How We Get Our News. It’s Every changing
If you’re over 40, chances are you grew up assuming a newspaper would always land on your doorstep. After all, the Post-Gazette’s long-ago forerunner, the Pittsburgh Gazette, started publishing in 1786. (The text of the U.S. Constitution made the front page a year later.) Then came the internet.
According to a study by the Pew Research Center, newsroom employment dropped by 57 percent between 2004 and 2020. Locally, the Pittsburgh Tribune-Review went to an all-digital format in 2016. The P-G only offers print editions on Tuesdays and Sundays. It’s inevitable that some less clickable, non-viral news (a township meeting, a library event) doesn’t get covered. But those stories are essential to daily civic life.
That’s one of the challenges examined in Andrew Conte’s new book, Death of the Daily News: How Citizen Gatekeepers Can Save Local Journalism. In it, Conte, a former Mt. Lebanon resident and director of Point Park University’s Center for Media Innovation, looks at the demise of the McKeesport Daily News which ceased publication in 2015, after 119 years—and what comes next.
“People throughout McKeesport … felt an unexpected or deep sense of loss,” Conte wrote, “realizing only afterward that they saw themselves and their place in the community” through the Daily News.
As with so much else in our 21st century lives, the internet offers both exacerbation and a solution.
“We’ve gone through the first major stage” of adapting to online life, Conte believes. Unfiltered and unsubstantiated rumors, sometimes couched as “news,” proliferate. Anyone can report anything. But being an actual reporter—evaluating sources, checking facts, and taking responsibility for what’s posted—takes practice, and that’s one of the projects of the Center for Media Innovation.
“It’s basic training,” Conte said. “We’re working on models for that right now—teaching people how to read an agenda for a public meeting,” for example.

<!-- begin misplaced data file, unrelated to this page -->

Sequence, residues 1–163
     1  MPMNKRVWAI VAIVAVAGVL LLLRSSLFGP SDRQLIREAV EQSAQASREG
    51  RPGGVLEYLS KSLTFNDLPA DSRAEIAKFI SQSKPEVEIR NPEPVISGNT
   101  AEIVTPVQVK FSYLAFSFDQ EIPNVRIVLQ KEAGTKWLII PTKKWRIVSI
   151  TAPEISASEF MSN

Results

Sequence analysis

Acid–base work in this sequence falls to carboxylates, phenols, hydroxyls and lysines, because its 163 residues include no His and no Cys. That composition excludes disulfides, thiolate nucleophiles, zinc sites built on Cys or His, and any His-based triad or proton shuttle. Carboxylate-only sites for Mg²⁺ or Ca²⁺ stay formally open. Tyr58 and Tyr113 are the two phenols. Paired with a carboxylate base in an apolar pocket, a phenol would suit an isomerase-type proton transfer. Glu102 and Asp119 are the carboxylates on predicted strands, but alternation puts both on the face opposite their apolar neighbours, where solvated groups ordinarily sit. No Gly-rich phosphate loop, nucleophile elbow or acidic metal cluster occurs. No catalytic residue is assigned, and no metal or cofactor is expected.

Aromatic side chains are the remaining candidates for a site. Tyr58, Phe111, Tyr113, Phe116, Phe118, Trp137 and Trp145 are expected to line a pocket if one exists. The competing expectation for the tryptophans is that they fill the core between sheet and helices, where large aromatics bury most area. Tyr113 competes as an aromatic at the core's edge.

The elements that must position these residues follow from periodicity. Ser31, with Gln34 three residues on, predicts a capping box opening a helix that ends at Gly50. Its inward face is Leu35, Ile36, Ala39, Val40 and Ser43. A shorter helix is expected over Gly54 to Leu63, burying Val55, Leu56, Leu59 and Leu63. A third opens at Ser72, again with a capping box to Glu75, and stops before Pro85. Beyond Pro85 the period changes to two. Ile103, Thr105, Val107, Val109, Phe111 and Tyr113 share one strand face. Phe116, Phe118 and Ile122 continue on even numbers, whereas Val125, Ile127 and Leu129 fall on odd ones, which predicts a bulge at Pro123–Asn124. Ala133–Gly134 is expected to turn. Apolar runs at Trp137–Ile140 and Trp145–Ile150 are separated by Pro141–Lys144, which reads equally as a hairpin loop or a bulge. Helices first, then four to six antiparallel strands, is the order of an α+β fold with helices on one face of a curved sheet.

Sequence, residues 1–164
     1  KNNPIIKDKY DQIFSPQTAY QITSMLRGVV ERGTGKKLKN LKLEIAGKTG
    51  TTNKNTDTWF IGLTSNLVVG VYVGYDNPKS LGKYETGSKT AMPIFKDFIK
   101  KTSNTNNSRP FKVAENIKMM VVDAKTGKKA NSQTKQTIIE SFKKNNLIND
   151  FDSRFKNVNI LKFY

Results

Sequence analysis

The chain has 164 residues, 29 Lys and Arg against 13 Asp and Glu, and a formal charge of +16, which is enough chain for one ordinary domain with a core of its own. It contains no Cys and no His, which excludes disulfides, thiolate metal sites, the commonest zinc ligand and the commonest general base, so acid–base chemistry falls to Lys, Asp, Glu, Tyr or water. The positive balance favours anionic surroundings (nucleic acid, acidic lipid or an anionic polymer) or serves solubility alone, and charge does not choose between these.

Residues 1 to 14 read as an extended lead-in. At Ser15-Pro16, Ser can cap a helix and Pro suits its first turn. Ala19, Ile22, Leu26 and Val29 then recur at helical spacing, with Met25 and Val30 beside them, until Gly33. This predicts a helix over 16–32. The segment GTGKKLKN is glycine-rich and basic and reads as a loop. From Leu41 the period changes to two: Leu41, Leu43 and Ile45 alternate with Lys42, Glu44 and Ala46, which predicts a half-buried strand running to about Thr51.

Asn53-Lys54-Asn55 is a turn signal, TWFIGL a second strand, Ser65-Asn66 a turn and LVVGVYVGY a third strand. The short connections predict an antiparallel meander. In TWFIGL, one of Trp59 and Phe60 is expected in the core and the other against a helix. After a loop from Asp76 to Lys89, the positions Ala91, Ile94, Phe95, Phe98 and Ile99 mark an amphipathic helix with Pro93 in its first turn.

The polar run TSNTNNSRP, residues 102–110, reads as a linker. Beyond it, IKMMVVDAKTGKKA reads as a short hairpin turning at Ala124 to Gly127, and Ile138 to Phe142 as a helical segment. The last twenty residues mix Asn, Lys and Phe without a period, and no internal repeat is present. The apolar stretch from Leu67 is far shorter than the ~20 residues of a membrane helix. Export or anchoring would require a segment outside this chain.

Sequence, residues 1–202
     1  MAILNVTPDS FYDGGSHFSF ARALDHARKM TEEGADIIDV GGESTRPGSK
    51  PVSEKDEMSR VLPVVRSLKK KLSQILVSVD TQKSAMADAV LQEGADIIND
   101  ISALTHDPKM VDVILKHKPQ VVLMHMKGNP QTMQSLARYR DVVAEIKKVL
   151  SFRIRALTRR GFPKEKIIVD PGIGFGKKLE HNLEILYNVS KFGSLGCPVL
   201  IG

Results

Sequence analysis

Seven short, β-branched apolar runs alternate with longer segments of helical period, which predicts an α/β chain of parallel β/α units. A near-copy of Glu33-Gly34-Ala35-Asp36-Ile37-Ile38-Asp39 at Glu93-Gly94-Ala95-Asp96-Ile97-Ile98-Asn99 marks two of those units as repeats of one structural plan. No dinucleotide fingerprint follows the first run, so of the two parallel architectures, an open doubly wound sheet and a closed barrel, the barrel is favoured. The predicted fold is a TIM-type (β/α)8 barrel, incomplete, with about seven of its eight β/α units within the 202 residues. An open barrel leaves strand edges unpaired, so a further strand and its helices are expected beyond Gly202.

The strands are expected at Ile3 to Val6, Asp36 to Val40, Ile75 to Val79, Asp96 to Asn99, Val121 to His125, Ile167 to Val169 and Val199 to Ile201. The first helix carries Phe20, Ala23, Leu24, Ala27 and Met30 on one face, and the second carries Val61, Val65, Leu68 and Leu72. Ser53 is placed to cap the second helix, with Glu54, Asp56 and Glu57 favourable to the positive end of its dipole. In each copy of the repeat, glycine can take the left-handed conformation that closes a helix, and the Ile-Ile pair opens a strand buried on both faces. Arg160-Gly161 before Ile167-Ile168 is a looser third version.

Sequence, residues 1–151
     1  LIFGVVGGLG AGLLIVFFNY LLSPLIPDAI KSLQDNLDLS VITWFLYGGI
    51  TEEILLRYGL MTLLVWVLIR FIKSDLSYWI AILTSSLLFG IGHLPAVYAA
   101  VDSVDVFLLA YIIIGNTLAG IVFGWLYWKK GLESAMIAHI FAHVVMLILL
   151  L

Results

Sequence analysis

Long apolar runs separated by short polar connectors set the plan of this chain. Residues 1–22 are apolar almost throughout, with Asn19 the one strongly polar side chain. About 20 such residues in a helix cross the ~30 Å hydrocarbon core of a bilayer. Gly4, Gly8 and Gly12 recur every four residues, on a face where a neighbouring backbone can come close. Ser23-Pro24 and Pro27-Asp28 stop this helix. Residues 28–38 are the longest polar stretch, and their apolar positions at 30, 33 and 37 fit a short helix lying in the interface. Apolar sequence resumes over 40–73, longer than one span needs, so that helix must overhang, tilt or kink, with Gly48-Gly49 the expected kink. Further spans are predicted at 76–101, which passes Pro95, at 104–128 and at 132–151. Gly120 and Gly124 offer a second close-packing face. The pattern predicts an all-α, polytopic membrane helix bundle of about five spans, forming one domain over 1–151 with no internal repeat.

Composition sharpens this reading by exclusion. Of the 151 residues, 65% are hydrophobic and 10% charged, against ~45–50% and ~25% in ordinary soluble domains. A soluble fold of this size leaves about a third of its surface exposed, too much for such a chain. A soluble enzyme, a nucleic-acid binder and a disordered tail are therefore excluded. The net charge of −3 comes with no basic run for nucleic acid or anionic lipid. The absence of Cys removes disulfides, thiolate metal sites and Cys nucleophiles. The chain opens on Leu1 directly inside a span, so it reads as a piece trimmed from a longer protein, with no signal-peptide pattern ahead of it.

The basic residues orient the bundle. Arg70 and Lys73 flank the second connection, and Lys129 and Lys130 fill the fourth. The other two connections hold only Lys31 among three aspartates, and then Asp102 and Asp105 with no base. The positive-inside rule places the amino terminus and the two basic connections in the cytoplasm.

With an eye to educating and deputizing citizen gatekeepers, Point Park and local residents are collaborating on the McKeesport Community Newsroom. Directed by Pulitzer Prize-winning photographer and Mt. Lebanon Magazine contributor Martha Rial, the newsroom runs a free drop-in writers’ group, as well as photography workshops in conjunction with the Carnegie Library of McKeesport.
Currently, the newsroom’s online blog and galleries feature first-person essays about life in the Mon Valley, as well as photos and stories on local events like McKeesport’s annual International Village. There’s also a podcast, Voices from the Valley.
Previously, The Center for Media Innovation has worked with Gazette 2.0 in McKees Rocks, which has transitioned to an all-digital format, and The Mon Valley Independent, which offers print and online editions. Conte said the center will continue to reach out and train volunteers to cover hyperlocal news and events in other communities.
Citizen journalists might also be found among the long-suffering ranks of Facebook group admins, who are experienced at bringing coherence to online chaos, Conte noted: “We see that those people already exist.
“People love where they come from,” Conte observed. “They’re frustrated now because the information they’re seeing is inaccurate and biased. I think people are saying they don’t accept that anymore.”